The assessment is based on a copy of the relevant broadcast, provided to ACMA by the licensee and submissions from the complainant and licensee. The Broadcasting Services Act 1992 (the BSA) requires the commercial television industry to develop codes of practice relating to programming matters, including classification of material and specification of time zones in which material classified other than G can be broadcast. In relation to these matters, the Commercial Television Industry Code of Practice 2004 (the Code): · Reproduces guidelines made under the Classification Act for the classification of films, and also contains the Television Classification Guidelines which apply to material other than films and news and current affairs programs. · Requires broadcasters to supply consumer advice on certain material. Consumer advice gives viewers information about particular classifiable elements that have contributed to a program's classification and intends to assist viewers in making informed choices about the type of programming that is suitable for them and their families to watch. · Proscribes the broadcast of certain types of material under any circumstances.

ACMA Investigation Report ­ Underbelly broadcast by NWS on 20 February 2008

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The BSA also requires ACMA to investigate unresolved complaints about matters covered by the Code. The objectives of the classification scheme set out in the Code include that: · Each broadcast day is divided into classification zones which are based on the majority audience normally viewing at that time, with particular regard to the child component of the audience · Only material which is suitable for a particular classification zone is broadcast in that zone As the program was classified M and broadcast during an M time zone, the Code requires that it be classified in accordance with the M provisions of the Television Classification Guidelines set out in Appendix 4 of the Code. Relevant provisions The Code contains the following provisions that are relevant in the matters raised by the complainants:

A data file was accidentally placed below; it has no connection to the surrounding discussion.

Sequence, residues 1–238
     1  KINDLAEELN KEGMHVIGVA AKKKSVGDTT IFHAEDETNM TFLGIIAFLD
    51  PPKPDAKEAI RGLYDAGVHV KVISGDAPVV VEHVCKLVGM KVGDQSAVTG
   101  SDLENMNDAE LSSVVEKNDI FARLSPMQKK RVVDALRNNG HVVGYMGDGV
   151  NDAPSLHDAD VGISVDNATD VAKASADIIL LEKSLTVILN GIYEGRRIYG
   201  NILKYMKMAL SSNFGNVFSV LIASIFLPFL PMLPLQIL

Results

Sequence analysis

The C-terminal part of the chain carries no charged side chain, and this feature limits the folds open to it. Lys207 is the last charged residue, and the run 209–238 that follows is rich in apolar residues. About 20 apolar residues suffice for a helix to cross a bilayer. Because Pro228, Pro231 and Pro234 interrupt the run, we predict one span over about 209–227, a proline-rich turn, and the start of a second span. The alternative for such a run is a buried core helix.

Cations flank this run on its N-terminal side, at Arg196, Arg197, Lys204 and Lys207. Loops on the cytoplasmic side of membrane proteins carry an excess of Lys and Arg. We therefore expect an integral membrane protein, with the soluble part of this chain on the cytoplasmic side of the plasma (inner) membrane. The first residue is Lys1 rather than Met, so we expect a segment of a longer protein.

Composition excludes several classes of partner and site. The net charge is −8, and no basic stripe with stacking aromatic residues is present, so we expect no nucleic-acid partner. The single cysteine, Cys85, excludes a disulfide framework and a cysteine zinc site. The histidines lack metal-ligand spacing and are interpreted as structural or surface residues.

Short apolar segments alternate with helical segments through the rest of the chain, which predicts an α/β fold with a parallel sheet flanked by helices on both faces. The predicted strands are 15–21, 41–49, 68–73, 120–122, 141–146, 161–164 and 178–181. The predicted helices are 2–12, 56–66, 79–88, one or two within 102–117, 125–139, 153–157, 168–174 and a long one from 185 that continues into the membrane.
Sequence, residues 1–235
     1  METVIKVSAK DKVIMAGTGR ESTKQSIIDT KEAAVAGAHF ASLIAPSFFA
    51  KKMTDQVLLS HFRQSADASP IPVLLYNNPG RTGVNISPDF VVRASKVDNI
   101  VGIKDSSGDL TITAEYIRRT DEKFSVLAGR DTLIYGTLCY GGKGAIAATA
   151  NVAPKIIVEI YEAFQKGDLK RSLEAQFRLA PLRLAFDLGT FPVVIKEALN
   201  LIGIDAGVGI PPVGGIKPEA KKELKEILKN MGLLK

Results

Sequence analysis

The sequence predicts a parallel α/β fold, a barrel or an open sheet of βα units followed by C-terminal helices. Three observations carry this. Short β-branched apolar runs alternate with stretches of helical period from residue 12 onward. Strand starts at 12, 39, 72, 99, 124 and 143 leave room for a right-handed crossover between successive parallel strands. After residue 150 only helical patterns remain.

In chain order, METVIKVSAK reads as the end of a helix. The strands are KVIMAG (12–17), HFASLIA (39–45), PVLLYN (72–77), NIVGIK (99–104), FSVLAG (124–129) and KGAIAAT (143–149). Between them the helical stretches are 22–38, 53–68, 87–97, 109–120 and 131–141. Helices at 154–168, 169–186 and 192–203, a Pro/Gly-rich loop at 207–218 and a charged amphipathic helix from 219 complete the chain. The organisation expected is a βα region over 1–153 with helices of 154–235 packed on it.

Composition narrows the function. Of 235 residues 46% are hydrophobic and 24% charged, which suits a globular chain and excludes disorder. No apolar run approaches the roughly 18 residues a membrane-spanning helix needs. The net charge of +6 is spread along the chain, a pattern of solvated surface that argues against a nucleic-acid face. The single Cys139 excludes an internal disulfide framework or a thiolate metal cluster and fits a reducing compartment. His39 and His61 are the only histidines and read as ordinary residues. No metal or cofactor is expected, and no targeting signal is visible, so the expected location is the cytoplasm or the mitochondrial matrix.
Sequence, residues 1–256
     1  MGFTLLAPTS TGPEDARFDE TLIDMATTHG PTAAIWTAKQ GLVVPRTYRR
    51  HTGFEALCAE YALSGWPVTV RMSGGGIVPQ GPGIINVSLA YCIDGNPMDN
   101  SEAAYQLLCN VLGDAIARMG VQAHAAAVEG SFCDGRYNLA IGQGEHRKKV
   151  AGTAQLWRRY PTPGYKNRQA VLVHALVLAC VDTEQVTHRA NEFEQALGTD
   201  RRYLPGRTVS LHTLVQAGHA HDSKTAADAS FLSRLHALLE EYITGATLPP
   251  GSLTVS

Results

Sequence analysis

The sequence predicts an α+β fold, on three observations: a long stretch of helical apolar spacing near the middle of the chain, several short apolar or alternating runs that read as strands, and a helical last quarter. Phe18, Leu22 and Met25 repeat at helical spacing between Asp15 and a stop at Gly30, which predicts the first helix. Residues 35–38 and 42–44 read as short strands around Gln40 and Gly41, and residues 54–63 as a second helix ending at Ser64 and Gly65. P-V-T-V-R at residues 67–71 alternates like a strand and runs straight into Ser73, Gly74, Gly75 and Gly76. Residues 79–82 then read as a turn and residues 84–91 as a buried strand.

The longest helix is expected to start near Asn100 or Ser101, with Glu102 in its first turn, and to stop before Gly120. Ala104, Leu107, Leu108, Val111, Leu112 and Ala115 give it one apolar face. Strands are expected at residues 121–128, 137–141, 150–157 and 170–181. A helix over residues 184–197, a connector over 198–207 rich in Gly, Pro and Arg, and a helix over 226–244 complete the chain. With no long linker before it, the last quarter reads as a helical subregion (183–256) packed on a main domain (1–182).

SECTION 2: CLASSIFICATION ... Classification of Other Material 2.4 All other material for broadcast: Subject to Clauses 2.3 and 2.4.1, all other

material for broadcast must be classified according to the Television

Classification Guidelines (set out in Appendix 4) or, where applicable, the

stricter requirements of Section 3: Program Promotions and Section 6:

Classification and Placement of Commercials.

... Appendix 4: Television Classification Guidelines The Mature (M) Classification 4. Material classified M is recommended for viewing only by persons aged 15

years or over because of the matter it contains, or of the way this matter is

treated.

4.1 Violence: May be realistically shown only if it is not frequent or of high impact and is justified by the story line or program context. Violence should not be presented as desirable in its own right. Any visual depiction of or verbal reference to violence occurring in a sexual context must be infrequent and restrained, and strictly justified by the story line or program context. 4.2 Sex and nudity: Visual depiction of intimate sexual behaviour may only be implied or simulated in a restrained way. It must be justified by the story line or program context. Verbal references to sexual activity should not be detailed. Visual depiction of nudity must be justified by